WASHINGTON, D.C. — Zach Dietmeier hopes his trip to the nation's capital can help "put Bloomington-Normal on the map for global companies."
"The world is here, and we want to introduce them to McLean County," said Dietmeier by phone Tuesday from the 2019 SelectUSA Investment Summit, a three-day gathering of government officials, business leaders and investors from around the world.
"We refer to it as 'top of mind ready,' so even if there's not a specific project from these companies and countries, they know we're here," he continued. "They know Chicago, but they might not even know where Chicago is. ... When you combine Peoria, Champaign, Springfield, Decatur and Bloomington-Normal, you can offer some of the same things as Chicagoland."
Dietmeier is the lone McLean County official at the event but is part of a large delegation from Illinois, including representatives from Ameren, Greater Peoria Economic Development Council, Illinois Department of Commerce and Economic Opportunity and Illinois Realtors.
This is the third year the EDC has sent someone on the trip, an initiative of Intersect Illinois, a privately funded nonprofit economic development agency for the state founded by then-Gov. Bruce Rauner in 2016.
Dietmeier said the trips have shown no specific results yet, but international investment is already common in the Twin Cities. McLean County has 46 businesses with investments from 16 different countries, according to a tweet Monday from the @BNEDC account.
Dietmeier said he didn't have a list accessible, but those include Canadian ag manufacturer Brandt, which came to Normal in 2018; Denmark-based Kongskilde, another ag company in Normal; and Italy-based Ferrero, which owns Fervalue USA, the company running Bloomington's former Nestle plant.
He said foreign companies account for about 1,400 employees locally, meaning "it's 10 to 12 percent of our local workforce is supported by foreign direct investment."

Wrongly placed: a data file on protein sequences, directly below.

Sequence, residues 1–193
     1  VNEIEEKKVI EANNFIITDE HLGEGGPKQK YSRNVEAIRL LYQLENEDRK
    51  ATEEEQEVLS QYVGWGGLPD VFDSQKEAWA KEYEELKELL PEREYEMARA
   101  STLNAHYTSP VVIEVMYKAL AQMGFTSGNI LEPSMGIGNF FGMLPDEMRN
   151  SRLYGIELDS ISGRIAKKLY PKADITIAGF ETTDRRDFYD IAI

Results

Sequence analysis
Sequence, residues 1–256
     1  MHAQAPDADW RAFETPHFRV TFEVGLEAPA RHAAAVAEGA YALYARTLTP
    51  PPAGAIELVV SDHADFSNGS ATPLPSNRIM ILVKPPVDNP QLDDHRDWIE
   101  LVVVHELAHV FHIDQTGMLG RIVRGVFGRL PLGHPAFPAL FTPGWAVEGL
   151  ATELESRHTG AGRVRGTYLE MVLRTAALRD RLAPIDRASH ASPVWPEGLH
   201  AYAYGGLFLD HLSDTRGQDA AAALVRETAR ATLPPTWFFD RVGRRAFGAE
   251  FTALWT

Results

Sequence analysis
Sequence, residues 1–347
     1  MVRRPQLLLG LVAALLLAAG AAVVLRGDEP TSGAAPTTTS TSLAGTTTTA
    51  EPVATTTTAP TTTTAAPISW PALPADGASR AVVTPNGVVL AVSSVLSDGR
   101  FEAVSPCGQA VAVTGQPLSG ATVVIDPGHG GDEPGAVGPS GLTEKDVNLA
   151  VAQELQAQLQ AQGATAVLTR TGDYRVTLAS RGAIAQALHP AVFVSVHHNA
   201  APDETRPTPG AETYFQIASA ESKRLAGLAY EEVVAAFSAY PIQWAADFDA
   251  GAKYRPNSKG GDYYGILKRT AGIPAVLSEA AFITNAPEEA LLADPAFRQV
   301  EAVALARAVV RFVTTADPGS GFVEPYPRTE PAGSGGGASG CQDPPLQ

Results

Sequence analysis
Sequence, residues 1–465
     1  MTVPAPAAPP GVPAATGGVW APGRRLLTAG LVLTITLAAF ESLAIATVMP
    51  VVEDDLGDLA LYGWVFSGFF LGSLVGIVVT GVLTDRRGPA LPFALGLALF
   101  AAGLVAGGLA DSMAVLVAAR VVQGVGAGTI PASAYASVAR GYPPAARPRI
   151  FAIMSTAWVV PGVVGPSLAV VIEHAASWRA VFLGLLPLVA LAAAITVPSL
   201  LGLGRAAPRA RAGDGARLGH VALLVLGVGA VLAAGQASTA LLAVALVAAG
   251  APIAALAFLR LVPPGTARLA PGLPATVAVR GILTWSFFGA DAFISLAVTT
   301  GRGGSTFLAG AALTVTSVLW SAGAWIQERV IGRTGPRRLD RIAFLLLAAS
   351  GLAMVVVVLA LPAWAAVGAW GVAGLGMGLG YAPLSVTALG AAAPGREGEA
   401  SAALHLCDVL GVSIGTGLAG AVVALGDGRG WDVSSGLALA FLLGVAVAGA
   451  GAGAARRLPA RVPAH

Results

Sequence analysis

Statewide, that figure is 340,500, and the top countries investing are the United Kingdom, Germany, Japan, Canada and France.
"In McLean County we have a little bit more interaction with Indian companies as well," said Dietmeier.
He noted all 50 states and Puerto Rico are at the summit working together, which helps EDC learn new ways to reach outside businesses and retain existing McLean County businesses.
"In the long run, if you're fighting over a company in Kentucky or Indiana, you're not bringing investment to the United States," said Dietmeier. "We're working to grow that pie for the country."
EDC is now more than a year removed from CEO Kyle Ham resigning and turning the reins over to Interim CEO Mike O'Grady. Dietmeier said a selection committee is wrapping up the search for a successor after considering about 20 candidates and interviewing six, with an announcement possible in July.
"They're all Midwestern, so it's an easier adjustment for whoever's coming in. They know the region and have economic development experience," said Dietmeier. "We'll have someone who can really move the needle on economic development in Central Illinois."